In the '80s, Parisian gallerist Patrick Seguin would be lucky if he could peddle a Jean Prouvé Standard chair for $200. Now, a single one begins at $15,000. His career began by scooping up school lunchroom chairs and salvaging prototypes from brothels. Now, he boasts an all-white Parisian gallery and a princely throne at Design Miami. His story is characterized by a deep obsession to record, salvage, and deify Post-war relics. His wife jokingly call him "Patrick Prouvé," and his career is marked by a deep obsession with cataloging, salvaging, and enshrining Post-war relics.
Jean Prouvé was a hero of the French resistance, a metalsmith by trade, and, briefly, the mayor of Nancy, France. Joined by architects like Charlotte Perriand and Pierre Jeanneret, he belonged to a vanguard of staunchly utilitarian architects tasked with the herculean effort of rebuilding France after World War II. In the years that followed, Prouvé made anything and everything that a country decimated by war might need: doorknobs, dormitories, hospital supplies, gas stations, offices, and, yes, portable homes for the masses. Commissioned by the French Minister for Reconstruction Raoul Dautry, Prouvé's demountable house was a wood, glass, and steel miracle that could be dismantled, shipped anywhere in the world, and constructed in less than three hours.
But Prouvé had very little business acumen. By 1952 he had lost control of his Nancy, France, factory. More than fifty years later, two new warehouses have risen in its place. They are—quelle surprise—owned by Patrick Seguin. The warehouses boast a king's ransom worth of work—almost twenty of Prouvé's homes are stored there—and, all together are worth hundreds of thousands of dollars. In a twist of fate no one ever imagined, the austere post-war designer has become a darling of the auction house.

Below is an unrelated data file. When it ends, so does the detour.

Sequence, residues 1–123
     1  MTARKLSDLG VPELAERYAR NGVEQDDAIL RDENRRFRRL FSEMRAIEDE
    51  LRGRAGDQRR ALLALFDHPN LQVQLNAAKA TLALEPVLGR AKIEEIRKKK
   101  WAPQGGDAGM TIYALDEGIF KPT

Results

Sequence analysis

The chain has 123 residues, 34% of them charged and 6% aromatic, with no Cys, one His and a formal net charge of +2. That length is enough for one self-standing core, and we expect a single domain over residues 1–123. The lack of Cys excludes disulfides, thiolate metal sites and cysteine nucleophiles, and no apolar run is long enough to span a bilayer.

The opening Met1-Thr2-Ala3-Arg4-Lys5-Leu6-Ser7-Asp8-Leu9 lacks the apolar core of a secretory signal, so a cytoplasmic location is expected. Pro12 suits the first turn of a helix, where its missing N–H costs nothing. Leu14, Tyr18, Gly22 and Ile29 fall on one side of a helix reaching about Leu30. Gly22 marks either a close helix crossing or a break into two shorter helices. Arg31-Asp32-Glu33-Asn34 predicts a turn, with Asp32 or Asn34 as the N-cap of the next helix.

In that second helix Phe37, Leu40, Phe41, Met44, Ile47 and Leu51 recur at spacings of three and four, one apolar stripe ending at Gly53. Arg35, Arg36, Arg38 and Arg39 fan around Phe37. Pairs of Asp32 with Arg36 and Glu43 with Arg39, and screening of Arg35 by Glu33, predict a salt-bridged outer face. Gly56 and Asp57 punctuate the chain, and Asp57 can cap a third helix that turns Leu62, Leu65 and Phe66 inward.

André Balazs spent $4.97 million on Prouvé's Maison Tropicale, Azzedine Alaïa's bedroom is a Prouvé gas station within his Parisian loft, Richard Prince purchased one to sit alongside a pond on his Hudson estate, while hotelier Patrick McKillen converted two of Prouvé's demountable homes into libraries, which he keeps tucked away on the vineyard outside his château.
Would Prouvé—a saint of practicality and functionality—roll around in his grave at the thought that his designs had been relegated to objet d'art for the very wealthy? Perhaps not. As John Prouvé once said, "There is no difference between making a piece of furniture and making a building."
Patrick Seguin isn't one to treat his trove of Post-war homes as precious, untouchable edifices. Instead, he's invited a series of architects and curators to stretch, mutate, and adapt them. It all began with Jean Prouvé's 1948 Ferembal House in the Jardin des Tuileries. After Seguin had spent a year looking for the rare piece (It was being used as the office for a canning factory) and a decade raising money for its refurbishment, he asked his friend Jean Nouvel to help. What followed was Nouvel's nothing short of magical adaption of Prouvé's former factory office into a one-story in situ installation in 2010.
This week, Galerie Patrick Seguin will showcase British architect Richard Rogers's adaptation of Jean Prouvé's 6x6 Demountable House at the 10th anniversary of Art Basel in Miami. Adapting the iconic prefab into a functional holiday home, Rogers has outfitted his interpretation with all the necessities of an ad-hoc homestead: hot water, solar power, and even a bathroom.
From John Chamberlain to Alexander Calder, we've assembled all of Patrick Seguin's remixes in the spirit of his contemporary renaissance. They reveal the true elasticity of Prouvé's design legacy and are a fitting memorial for a man who was so hellbent on collaboration that it's at times been difficult for historians to "identify his precise role in architectural projects."
· Gallerist Patrick Seguin Turns Prefab Prouvé Houses Into Collectibles [WSJ]
· Patrick Seguin [Galerie Patrick Seguin]· New Spin on a Classic Prouvé Prefab Goes Off-The-Grid [Curbed]
· Toasting Pierre Jeanneret, the Le Corbusier Sidekick Who Made a Name for Himself in India [Curbed]
· Tour a Barcelona Flat Full of Postwar French Design Classics [Curbed]